Trail Description : Grandview Trail
The Grandview Trail was originally constructed by a prospector by the name of Peter Berry. Berry operated a copper mine called the "Last Chance Mine" at the end of the trail, out on Horseshoe Mesa. Berry later used some of the profits from the mine to build the Grandview Hotel out on Grandview Point. He operated this for some years and being the only lodging available in the area it proved to be a most successful venture. That is until the Santa Fe Railroad extended its reach up into the Canyon which sparked construction of what is now Grand Canyon Village. That pretty much put an end to Berry's operation.
The trailhead for the Grandview Trail is located out at Grandview Point on the Desert View Drive.
Mileages are as follows (one-way):
Note: This trail is normally used by hikers to descend to Horseshoe Mesa or those beginning a multi-day trek through the inner canyon. It does not provide "direct" access to the Colorado River. Your only options for reaching the Colorado River from this trailhead are listed below. WARNING : THE LAST TWO OPTIONS ARE EXTREMELY DIFFICULT AND DANGEROUS ROUTES
Following Hance Creek to the Colorado is not an easy task. You should bring a rope and you should not attempt it alone. There a number of high dry falls that you will need to climb down or work your way around via various bypasses. There are no bypasses for the final drop-offs and you have no choice but to climb down.
This option is not recommended either, especially for solo hikers! The route is very difficult and requires technical climbing gear. I tried it last year and did not get very far. The descent down Cottonwood Creek requires you to climb down a number of high, dry (usually) falls. It would probably not be so bad if you had some rope and a partner or two. I had neither and considering the likelihood of ever getting help in this remote region of the canyon in the event of an emergency, decided against it.
The Grandview Trail is one of the best of the non-maintained trails. The upper sections are still held together by logs and steel rods dating back to the days of the Last Chance Mine. Some sections are filled in with cobbles which keep the trail level during some descents. The engineering and skill that went into building these Canyon trails is remarkable. These same cobbles, however, can create problems in the winter when they ice up and travelling over them will require the use of instep crampons. Aside from that, and a couple of sections that you might not like if you have a fear of heights, the trail does not have any really difficult sections and is a very easy hike down to Horseshoe Mesa.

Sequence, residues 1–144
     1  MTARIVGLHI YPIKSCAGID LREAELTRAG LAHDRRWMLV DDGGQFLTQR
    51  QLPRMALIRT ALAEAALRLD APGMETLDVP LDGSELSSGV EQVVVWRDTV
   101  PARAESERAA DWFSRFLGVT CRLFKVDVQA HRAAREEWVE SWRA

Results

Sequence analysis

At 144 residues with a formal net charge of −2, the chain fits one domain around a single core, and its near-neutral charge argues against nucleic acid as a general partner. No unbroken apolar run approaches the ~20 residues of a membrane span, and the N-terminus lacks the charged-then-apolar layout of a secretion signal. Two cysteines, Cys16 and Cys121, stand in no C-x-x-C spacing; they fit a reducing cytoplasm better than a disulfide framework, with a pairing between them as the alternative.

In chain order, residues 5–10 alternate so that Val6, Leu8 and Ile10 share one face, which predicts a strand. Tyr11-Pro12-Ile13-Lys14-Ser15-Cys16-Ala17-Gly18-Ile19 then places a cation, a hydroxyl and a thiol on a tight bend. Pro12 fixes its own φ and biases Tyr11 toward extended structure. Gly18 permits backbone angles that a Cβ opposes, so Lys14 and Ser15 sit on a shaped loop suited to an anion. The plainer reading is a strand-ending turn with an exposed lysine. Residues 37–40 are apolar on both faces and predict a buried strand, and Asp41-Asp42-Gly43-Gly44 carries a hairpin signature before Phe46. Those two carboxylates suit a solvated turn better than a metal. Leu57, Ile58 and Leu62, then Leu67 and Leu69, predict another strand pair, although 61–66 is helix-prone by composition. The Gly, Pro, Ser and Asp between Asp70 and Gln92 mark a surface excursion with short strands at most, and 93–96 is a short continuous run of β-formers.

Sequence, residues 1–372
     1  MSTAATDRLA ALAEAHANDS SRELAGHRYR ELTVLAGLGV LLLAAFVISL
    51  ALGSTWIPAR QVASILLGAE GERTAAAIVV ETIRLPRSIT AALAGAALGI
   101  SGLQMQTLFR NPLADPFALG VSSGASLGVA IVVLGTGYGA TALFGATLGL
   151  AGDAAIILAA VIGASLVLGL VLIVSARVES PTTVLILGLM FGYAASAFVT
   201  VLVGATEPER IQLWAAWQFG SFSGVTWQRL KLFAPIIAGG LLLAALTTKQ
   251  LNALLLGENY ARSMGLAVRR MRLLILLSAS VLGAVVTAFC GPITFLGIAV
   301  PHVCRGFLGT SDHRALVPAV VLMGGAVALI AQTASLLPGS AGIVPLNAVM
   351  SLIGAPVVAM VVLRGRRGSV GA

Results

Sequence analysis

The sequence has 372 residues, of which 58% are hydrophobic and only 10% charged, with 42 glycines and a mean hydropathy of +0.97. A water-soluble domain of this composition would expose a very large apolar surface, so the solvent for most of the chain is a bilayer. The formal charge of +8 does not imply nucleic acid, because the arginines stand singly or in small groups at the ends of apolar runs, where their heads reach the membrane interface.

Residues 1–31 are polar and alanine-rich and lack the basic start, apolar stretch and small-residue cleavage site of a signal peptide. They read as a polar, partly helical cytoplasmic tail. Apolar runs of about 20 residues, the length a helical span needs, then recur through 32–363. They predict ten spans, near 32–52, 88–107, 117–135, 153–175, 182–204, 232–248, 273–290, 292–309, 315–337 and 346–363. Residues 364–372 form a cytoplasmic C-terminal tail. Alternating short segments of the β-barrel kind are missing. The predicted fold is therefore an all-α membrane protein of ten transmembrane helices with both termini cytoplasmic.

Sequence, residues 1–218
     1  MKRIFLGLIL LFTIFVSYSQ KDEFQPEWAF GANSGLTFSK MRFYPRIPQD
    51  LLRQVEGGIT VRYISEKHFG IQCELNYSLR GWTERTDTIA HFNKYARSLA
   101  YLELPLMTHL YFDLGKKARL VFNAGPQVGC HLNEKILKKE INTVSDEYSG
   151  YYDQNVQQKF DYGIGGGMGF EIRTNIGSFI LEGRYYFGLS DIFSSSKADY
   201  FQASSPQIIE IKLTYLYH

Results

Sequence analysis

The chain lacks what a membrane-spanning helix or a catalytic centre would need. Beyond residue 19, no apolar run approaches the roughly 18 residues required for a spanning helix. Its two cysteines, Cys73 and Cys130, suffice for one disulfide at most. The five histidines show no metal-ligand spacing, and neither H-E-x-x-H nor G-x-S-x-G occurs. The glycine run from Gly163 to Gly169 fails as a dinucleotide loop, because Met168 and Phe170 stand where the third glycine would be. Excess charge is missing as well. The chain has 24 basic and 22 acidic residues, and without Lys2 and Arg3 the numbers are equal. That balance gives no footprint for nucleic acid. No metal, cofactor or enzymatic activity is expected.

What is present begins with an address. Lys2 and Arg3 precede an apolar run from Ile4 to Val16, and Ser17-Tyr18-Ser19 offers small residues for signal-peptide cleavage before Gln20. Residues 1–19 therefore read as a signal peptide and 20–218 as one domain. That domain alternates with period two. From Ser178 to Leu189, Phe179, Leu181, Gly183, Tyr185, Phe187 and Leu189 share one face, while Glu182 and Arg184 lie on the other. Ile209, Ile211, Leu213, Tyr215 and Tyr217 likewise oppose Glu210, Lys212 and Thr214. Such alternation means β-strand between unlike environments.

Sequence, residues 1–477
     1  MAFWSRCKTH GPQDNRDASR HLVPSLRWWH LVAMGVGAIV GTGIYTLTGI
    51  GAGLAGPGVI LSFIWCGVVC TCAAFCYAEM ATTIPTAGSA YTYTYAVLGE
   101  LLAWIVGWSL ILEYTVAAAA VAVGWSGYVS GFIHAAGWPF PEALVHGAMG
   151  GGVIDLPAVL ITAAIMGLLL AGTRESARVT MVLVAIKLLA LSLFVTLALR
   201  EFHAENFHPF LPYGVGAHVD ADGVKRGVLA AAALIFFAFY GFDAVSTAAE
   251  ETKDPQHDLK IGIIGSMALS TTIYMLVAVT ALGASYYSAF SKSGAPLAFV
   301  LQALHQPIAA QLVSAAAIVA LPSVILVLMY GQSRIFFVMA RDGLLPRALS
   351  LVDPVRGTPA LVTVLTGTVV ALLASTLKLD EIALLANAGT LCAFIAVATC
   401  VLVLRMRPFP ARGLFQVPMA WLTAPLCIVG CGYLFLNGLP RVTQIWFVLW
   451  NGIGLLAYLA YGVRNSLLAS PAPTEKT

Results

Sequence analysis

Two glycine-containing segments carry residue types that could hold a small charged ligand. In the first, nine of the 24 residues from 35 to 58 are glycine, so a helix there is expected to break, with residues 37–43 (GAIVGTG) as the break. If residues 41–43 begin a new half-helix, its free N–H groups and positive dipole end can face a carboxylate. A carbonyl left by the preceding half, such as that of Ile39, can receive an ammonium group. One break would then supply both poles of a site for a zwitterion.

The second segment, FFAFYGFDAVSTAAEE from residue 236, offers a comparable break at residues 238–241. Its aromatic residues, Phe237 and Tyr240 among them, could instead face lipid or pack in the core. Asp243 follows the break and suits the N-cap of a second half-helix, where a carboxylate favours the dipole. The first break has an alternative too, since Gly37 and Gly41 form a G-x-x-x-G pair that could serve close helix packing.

The upper sections of the trail bring you down through the Kaibab and Toroweap Limestone. After about a mile and a half you reach the Hermit Shale. From this point on the trail follows along the western face of a cliff composed of the Coconino Sandstone. Below the Hermit Shale you will encounter the Supai Group which stays with you until you reach Horseshoe Mesa.
If you plan to camp on Horseshoe Mesa, the campground is located on the eastern side of the mesa, just back of the eastern arm. Just follow the signs. Chemical toilets are also available near the camping area.
The mesa top has a number of artifacts dating back to the mining period: miner's cabin / dining hall, mine shafts, ore crusher, ore carts and the such. The mine shafts should be avoided as the timbers are getting close to 100 years old and can give way at any time. There is an old indian ruin which is visible just below the northwestern end of the eastern arm of the mesa.